CHAPTER II - A BIT OF HISTORY
When Columbus returned to Spain after
his first voyage, he left on the island of Hispaniola,
now called Haïti, a little colony of about forty men.
On his second voyage he sailed first
to this same place, arriving in November, late at
night. A salute was fired to let the settlers
know that their friends had returned, but no answer
came, and it was feared that something was wrong.
Sure enough, when the voyagers went ashore in the
morning they found eleven dead bodies and no living
men. The fort had been destroyed and the tools
and provisions were gone.
This was a sad welcome; all the sadder
because it need not have happened but for the evil
doings of the colonists. After the departure of
Columbus they had soon quarreled among themselves and
had treated the inoffensive natives so cruelly that,
unable to endure it, they had risen against the Spaniards
and killed them all.
Columbus at once went to work to build
another little town, not far from the first, and called
it Isabella. A church was erected, a number of
houses built, and the whole surrounded by a strong
wall. This being done, he placed his brother
Diego in charge, and started off with three ships
to make further explorations.
On this voyage he coasted along the
southern shore of Cuba, discovered Jamaica and a number
of smaller islands, and sailed all around Hispaniola.
But he was worn out with excitement and fatigue.
Discovering new countries is hard work, and it is
still harder to try to govern unruly and evil men.
He became very ill, and was brought back to Isabella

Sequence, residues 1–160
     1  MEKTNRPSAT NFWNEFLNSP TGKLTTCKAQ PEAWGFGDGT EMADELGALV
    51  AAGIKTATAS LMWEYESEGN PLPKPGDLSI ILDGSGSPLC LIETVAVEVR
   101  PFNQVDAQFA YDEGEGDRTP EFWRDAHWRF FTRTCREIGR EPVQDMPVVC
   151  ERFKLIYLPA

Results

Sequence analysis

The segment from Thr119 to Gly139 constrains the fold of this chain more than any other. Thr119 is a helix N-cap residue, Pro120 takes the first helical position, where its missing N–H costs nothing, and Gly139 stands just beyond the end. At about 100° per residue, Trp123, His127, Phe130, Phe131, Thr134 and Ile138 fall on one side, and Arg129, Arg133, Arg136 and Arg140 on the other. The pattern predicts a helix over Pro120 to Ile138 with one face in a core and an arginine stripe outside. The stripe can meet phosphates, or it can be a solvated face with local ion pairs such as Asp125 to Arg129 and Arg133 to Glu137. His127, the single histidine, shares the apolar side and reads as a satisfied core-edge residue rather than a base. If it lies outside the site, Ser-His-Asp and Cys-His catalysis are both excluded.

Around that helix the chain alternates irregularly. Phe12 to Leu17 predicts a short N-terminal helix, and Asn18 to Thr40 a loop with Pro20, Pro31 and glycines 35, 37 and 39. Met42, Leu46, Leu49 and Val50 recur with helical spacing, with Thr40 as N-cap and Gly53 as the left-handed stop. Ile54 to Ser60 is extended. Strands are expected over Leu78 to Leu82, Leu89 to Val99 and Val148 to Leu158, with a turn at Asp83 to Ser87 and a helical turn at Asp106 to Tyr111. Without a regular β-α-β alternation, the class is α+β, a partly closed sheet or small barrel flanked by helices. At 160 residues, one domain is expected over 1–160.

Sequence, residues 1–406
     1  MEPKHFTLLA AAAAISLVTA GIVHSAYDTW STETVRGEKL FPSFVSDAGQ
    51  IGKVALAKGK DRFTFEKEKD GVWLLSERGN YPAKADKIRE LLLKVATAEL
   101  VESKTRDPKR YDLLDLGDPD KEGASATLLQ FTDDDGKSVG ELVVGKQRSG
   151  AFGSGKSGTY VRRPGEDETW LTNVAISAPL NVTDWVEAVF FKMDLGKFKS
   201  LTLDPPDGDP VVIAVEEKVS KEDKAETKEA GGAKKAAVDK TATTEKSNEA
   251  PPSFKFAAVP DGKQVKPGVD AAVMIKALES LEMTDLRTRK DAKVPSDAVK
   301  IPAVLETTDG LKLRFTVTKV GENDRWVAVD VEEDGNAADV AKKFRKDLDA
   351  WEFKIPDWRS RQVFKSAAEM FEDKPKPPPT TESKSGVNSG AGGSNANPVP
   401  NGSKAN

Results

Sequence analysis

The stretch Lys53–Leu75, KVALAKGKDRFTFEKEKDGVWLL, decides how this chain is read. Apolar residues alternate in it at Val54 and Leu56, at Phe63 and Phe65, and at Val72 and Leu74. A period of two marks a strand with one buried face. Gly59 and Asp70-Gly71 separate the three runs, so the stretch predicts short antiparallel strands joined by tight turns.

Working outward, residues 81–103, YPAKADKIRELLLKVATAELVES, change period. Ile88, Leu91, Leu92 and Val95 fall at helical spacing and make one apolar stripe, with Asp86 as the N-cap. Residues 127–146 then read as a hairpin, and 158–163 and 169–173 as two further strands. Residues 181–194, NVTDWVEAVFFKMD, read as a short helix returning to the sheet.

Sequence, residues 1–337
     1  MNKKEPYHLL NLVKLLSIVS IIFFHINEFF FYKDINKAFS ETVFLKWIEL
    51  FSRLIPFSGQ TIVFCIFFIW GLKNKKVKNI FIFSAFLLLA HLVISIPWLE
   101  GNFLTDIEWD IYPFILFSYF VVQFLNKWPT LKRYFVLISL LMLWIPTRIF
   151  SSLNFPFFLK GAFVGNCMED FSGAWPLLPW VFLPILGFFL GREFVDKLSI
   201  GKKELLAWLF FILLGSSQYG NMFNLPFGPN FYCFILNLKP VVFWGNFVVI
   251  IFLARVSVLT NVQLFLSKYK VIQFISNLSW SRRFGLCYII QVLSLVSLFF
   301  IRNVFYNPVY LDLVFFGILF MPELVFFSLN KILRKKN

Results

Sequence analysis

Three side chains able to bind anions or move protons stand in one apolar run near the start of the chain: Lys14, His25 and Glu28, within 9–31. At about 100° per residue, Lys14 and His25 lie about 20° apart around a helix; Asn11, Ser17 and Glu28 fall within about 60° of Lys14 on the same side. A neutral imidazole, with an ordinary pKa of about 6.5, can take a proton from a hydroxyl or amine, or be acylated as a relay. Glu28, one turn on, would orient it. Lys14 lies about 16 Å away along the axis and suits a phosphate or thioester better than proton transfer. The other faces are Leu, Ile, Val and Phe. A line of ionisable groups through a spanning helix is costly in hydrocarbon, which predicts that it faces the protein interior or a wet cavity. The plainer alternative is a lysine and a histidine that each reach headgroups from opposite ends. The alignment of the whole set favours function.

quite unconscious. When at length he came to himself
he found his brother Bartholomew beside him.
This was a great comfort, for the brothers were very
fond of each other, and Columbus needed all the help
he could get. He made Bartholomew governor of
Hispaniola, but no governor could do very much with
such a company of lawless adventurers as were these
Spaniards. Like a great many people of to-day,
they wanted to get rich quickly and without working.
They spent their time in fighting, roaming about the
country, abusing the Indians, and killing them and
one another. At length the natives, exasperated
beyond endurance, rose against them as before, and
many Spaniards lost their lives.
In the end, however, of course it
was the Indians that suffered the most. They
could not stand against the white men. Their bows
and arrows would not pierce the soldiers’ armor,
and they ran in terror from the sight of a horse,
an animal that they had never seen before. Twenty
great bloodhounds were let loose upon them also, which
tore them in pieces; and at length, in despair, they
submitted to their enslavers.
They were used as slaves by the white
men, being forced to cultivate the land for their
conquerors and to work in the gold mines. The
poor creatures, whose lives had been so simple as
to require no hard labor, died by the thousands, and
many were whipped to death or killed outright, so
that in a little while that beautiful island became
a place of great suffering, and the Spaniards were
feared and hated by those gentle natives, who at their
coming had been ready to welcome them as friends.
Many of the colonists grew dissatisfied
because they were not getting rich as fast as they
wished, and some returned to Spain with complaints
of Columbus. Finally Francisco Bobadilla was sent
out to look into matters. He treated the great
Admiral very unjustly and cruelly, sending him back
to Spain in chains; but in this action he far exceeded
his instructions. Ferdinand and Isabella, grieved
for the indignity that had been put upon the man who
had given them a new country, caused him to be released
at once, and recalled Bobadilla.
Nicholas de Ovando was now appointed
to rule Hispaniola, and it was with him that Las Casas
went out, as we shall see in the next chapter.